KNOXVILLE (WATE) - The Henley Bridge Project has encountered several major hurdles since it was first started two years ago, including the death of two construction workers.
Just this month, Tennessee Department of Transportation officials announced that several piers that were slated to be repaired are now going to have to be replaced.
The Henley Street Bridge project was supposed to be complete on June 30, 2013. But TDOT officials aren't sure they can meet that deadline.
"TDOT is currently working on a revised schedule in terms of the Henley Bridge project," said TDOT spokesperson Mark Nagi. "A decision is expected to be made on that at the end of the next week."
While TDOT officials wait for a new time table, business owners on the other side of the river in South Knoxville, hope things can pick up.
"With the bridge closed it's a lot harder for UT students to get here," said Rush's Music employee Laura Gustatson. "We used to have UT students come in after class and we would have a bunch of them here around 4 o'clock in the afternoon, and not so much of that now because they really want to get here to come."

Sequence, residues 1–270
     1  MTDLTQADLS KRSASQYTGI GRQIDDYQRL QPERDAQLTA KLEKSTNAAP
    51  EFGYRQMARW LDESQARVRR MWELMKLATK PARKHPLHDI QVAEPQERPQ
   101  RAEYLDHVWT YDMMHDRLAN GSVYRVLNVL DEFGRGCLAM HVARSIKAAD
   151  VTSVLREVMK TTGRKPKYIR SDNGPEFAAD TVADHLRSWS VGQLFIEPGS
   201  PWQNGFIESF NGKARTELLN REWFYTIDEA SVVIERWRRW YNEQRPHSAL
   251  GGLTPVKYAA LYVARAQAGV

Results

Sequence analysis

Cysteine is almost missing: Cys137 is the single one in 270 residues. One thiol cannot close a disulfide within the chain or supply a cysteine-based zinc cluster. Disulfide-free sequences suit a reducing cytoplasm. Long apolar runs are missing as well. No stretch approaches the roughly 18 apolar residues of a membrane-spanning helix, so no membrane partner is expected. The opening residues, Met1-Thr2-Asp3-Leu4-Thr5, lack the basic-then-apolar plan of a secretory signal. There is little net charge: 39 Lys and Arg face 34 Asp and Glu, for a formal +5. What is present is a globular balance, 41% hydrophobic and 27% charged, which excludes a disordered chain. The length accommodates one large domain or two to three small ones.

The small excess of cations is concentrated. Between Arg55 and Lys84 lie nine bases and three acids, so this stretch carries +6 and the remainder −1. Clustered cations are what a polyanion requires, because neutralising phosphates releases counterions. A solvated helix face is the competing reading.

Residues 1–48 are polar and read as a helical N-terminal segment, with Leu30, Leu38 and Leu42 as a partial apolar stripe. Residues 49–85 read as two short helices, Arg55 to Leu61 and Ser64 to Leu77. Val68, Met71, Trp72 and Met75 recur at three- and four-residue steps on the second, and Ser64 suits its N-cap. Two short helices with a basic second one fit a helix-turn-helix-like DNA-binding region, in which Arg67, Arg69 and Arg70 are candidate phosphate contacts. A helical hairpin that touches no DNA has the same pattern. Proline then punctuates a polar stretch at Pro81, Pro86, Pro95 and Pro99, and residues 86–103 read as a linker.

Gustatson says even though they have lost business, most people are figuring their way around the detours.
"If they need to rent an instrument or have an instrument repaired, they will find us," she said.
"We're hoping it gets open soon," said Tapp Optical employee Angie Borst. "When it very first closed it probably affected our business the first five to six months. I think the way they advertised the detours, they made the public think everything was closed downtown, at Gay Street bridge, to Moody."
TDOT officials say recently they have not heard as many complaints from residents.
"The projects been open for two years now," said Nagi. "We had more comments early on in the process. People are always welcome to leave questions or comments they may have."
Along with not knowing when this project will be complete, the new cost of the new work is still in question.
Knox County Mayor Tim Burchett is critical of how the state has handled this project.
"It's not acceptable is what it is," said Mayor Burchett. "The state in my opinion has done a very poor job of keeping the businesses alerted to what's going on. I got an email this morning on Facebook, of all things; it's a small business over there. They think they're not going to be able to hold on. That's why we did those cash mobs. We really focused on South Knoxville, but it's going to take more than that."